The freedom of speech is essential to democracy, because it is essential to society, to individuals’ sanity and to the necessary goal of educating and informing all people. We must be able to speak our minds, and to tell what we think and what we know to anyone who will listen. That should include online speech, and it should include teachers. It is a sad thing when Americans question whether or not teachers, public employees entrusted with the edification of future citizens of our democracy, have the same rights as everyone else — including, of course, those future citizens themselves. And worse than sad, it is absolutely frightening in its implications. How much are we willing to lose in order to protect our children from — what, exactly? From being insulted in a place and a way that they would most likely never have seen, had this kerfuffle never happened? From hearing what someone actually thinks about them, which might even lead to a certain amount of shame — and then to self-improvement? From the tit for their tat? Who do we think we are helping?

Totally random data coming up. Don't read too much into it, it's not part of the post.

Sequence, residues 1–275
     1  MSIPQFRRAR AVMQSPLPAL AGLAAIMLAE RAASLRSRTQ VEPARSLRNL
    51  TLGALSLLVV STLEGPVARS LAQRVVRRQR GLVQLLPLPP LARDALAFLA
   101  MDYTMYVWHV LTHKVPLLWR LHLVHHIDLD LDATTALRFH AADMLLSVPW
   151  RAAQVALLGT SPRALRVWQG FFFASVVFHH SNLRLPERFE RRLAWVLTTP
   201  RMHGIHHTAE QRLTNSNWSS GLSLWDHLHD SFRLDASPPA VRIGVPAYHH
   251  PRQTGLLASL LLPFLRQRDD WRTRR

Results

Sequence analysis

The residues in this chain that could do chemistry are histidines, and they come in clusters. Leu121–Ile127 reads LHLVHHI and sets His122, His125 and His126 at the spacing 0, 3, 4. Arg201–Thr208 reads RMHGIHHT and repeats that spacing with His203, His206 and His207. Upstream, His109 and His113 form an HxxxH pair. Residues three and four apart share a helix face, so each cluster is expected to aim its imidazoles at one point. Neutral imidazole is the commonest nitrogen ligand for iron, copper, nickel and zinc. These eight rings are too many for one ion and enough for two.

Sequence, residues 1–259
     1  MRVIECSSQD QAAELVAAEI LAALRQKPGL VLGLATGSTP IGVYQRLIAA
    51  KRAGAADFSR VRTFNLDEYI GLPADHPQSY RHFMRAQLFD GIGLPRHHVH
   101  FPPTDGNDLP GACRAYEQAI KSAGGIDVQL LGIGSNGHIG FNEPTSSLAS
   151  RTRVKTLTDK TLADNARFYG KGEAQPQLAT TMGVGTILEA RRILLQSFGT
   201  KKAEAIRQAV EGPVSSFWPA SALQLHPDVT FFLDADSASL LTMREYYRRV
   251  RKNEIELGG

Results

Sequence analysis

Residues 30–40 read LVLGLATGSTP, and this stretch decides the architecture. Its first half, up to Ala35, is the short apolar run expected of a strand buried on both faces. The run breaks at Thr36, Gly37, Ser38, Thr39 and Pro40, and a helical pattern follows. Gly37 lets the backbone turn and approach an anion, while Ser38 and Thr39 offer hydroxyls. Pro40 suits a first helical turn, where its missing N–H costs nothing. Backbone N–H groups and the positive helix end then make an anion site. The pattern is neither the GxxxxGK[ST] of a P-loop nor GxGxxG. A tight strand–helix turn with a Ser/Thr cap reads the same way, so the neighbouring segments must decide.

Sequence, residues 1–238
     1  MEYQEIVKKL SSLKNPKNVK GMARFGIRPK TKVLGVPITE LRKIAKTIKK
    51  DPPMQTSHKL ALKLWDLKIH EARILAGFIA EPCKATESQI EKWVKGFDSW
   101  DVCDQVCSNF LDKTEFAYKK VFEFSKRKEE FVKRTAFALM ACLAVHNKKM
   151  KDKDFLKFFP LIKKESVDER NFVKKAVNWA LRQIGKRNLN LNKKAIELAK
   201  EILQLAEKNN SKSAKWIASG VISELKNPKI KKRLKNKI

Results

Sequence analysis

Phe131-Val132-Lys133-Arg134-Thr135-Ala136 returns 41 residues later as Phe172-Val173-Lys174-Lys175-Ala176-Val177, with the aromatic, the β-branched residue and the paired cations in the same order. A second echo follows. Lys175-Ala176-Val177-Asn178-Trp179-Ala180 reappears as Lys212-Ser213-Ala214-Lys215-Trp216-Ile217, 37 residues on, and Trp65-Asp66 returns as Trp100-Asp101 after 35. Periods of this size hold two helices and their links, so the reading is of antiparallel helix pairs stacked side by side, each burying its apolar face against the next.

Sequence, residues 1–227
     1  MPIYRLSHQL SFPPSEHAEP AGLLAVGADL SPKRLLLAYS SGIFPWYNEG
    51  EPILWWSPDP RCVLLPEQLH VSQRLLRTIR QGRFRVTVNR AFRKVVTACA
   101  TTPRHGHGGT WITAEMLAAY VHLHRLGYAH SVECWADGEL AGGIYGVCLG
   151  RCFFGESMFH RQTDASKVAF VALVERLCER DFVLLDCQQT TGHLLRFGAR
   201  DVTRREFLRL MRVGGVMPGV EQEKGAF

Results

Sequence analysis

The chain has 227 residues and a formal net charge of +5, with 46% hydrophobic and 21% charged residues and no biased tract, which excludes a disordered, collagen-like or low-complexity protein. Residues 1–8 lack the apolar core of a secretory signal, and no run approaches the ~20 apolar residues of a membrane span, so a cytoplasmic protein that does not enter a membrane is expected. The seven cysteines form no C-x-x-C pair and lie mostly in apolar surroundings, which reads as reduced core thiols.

What are we helping them to become?
I can’t believe that kid misspelled “assignments.” That one’s going on the next vocab list.